4 August 95
Dear ........................ ,
Thank you to all the people who have sent us a letter or fax. We greatly enjoyed reading both of them. Actually, there have been more than just two and unfortunately, all the shopping vouchers have now been won, so I'm sorry to all those who were disappointed. We've looked at our mailing list and decided that if each of you write to us every 3 months, we would get a letter every day! Wouldn't that be great? I'll write to you at least that often - that's a promise, not a threat.
Mark Twain once said, "Everyone complains about the weather but no-one ever does anything about it." Since we have been in Colorado, many of the locals have felt it necessary to apologise about the weather this year. Winter came months late and spring didn't really start until mid-May. Now it is too hot. This week, the temperature is expected to be in the mid-30s (°C) every day. The week before last was like that too. At least the humidity is low so it is reasonably bearable. Americans appear to be obsessed with the weather. Our SMH-sized newspaper devotes a full page with coloured diagrams to it and the TV stations urge you to watch their news because they have the best, most technologically-advanced weather report. One station in Detroit claimed its weather report was so accurate, that it would give a viewer (not every viewer) $1000 for every degree they were wrong on yesterday's forecast. They must have had a large budget.
I think I may have been in America too long. Have you ever watched a TV program from Europe or the US, a car has pulled out of a driveway on to the right side of an empty road and you've gasped, "They're on the wrong side of the road!"? I have. We saw a program about Australia and a car pulled out of a driveway on to the left side of an empty road and I gasped. I'd forgotten that the left is the correct side.
Lan has been working very long hours - she has been back to work after dinner occasionally and often on the weekend. She has trouble sleeping if she can't get a program to run, so she says it is better to go in and fix it. There is a lot of politics at work but since she is a contractor, not a staff member, it doesn't really affect her. In that regard, this is a great improvement over Telecom. Her bosses (they change week by week) seem to like what she has done and what she has taught them.The company she is contracted to (AMS) is very rude to its own staff however. AMS charges its clients when overtime is necessary but they don't pass any of it on to their staff. It is not surprising that such greed leads to a high staff turnover.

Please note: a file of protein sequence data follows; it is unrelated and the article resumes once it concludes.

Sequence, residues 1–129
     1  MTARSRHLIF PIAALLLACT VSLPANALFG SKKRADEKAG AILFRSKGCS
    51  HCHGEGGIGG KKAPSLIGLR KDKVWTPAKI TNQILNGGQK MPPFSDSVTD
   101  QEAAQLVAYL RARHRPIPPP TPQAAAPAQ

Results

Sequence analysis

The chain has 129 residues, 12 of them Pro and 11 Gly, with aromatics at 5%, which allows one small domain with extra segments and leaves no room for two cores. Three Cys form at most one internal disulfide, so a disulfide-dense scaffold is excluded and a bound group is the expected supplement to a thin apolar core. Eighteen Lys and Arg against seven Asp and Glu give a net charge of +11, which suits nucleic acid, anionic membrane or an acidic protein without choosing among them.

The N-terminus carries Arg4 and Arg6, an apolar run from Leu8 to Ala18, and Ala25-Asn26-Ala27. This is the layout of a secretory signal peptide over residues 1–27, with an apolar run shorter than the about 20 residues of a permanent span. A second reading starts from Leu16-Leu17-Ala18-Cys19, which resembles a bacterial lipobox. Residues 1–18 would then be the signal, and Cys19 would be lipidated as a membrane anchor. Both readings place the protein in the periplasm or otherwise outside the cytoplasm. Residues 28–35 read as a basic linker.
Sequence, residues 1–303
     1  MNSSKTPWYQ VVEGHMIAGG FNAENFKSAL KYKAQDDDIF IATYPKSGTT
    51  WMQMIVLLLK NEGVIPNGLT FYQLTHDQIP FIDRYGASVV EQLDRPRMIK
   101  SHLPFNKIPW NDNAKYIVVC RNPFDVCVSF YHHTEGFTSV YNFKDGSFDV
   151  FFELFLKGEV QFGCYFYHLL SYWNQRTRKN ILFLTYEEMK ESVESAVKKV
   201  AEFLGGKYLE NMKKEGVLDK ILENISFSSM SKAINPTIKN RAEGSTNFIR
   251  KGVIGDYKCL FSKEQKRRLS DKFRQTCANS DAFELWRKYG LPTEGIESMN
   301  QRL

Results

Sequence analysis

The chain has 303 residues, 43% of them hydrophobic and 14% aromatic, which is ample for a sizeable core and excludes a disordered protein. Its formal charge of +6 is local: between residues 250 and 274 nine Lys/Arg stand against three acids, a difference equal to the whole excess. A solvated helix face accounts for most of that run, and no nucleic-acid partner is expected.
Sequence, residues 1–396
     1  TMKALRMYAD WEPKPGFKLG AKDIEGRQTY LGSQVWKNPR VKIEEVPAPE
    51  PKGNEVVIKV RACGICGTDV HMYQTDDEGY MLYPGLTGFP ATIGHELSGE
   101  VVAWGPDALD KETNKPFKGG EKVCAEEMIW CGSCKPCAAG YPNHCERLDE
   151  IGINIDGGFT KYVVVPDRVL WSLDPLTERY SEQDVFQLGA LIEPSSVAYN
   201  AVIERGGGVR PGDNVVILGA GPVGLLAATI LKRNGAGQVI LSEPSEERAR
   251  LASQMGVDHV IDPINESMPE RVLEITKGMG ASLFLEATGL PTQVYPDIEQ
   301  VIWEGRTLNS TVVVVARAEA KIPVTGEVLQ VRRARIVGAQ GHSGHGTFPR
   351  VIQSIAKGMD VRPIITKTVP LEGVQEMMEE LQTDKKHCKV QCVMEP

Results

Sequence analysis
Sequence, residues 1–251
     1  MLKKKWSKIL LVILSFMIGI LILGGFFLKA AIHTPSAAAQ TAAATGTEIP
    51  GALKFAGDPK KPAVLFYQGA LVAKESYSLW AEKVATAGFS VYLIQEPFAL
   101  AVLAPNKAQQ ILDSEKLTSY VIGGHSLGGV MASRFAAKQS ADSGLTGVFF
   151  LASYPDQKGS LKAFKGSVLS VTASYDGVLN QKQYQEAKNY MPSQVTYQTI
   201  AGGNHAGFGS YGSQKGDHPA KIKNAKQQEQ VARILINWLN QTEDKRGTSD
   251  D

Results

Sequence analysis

Our normal routine is that after I collect Lan from work, we race home to watch the Cosby Show. Although it's been on in Australia, neither of us had seen it before. I had thought that all American commercial TV was rubbish. Most of it is but this is a great exception. I've also enjoyed Bill Nye the Science Guy, a brilliant educational program on the Public Broadcasting Service (PBS).
I started a course to learn AutoCAD (computer software) to fill a big gap in my résumé but it cost $1500 for just 6 weeks. Although the commercial software costs $4000, I discovered I could buy an identical student edition for just $250. I decided to drop out and use the full refund to buy the software, a printer and half a computer.
I've always thought it was silly to buy a computer for home, when I could use one at work for free. However, being unemployed, I didn't have that option. I now know enough AutoCAD to be dangerous and I've learned to touch-type slowly with lots of errors. It has also been useful for job applications and letters like this.